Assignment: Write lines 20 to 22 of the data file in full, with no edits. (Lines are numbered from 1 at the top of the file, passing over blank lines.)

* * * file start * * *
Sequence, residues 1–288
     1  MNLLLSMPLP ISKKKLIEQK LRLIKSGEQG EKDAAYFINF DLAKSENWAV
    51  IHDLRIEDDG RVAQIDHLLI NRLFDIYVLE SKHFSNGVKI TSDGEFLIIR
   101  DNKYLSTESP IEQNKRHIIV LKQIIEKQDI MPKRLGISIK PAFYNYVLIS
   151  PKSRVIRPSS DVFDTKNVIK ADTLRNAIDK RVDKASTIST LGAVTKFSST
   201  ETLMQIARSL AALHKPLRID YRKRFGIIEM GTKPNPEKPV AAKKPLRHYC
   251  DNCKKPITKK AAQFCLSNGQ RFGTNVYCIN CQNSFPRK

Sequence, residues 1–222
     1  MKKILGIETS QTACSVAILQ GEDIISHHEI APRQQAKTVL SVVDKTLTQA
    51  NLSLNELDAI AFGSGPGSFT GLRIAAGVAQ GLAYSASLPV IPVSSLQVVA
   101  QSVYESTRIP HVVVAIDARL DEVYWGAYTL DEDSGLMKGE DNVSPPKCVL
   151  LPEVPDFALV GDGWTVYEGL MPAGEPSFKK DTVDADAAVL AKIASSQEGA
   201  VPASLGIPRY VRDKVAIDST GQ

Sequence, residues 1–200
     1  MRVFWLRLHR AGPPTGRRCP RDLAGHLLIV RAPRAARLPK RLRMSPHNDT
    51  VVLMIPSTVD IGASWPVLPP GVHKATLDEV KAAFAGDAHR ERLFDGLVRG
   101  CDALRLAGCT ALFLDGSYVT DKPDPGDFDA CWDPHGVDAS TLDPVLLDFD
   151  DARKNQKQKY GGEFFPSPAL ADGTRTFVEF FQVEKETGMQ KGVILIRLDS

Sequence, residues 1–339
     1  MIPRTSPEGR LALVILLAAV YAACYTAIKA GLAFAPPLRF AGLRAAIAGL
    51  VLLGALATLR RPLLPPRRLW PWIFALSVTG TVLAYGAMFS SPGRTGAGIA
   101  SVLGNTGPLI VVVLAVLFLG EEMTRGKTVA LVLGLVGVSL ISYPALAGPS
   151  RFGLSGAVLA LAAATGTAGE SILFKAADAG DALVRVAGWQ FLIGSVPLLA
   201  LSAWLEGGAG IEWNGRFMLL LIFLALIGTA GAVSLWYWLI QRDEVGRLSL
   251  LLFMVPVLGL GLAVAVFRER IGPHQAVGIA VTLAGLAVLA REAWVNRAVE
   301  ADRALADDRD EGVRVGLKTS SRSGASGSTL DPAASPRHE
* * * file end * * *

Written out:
     1  MIPRTSPEGR LALVILLAAV YAACYTAIKA GLAFAPPLRF AGLRAAIAGL
    51  VLLGALATLR RPLLPPRRLW PWIFALSVTG TVLAYGAMFS SPGRTGAGIA
   101  SVLGNTGPLI VVVLAVLFLG EEMTRGKTVA LVLGLVGVSL ISYPALAGPS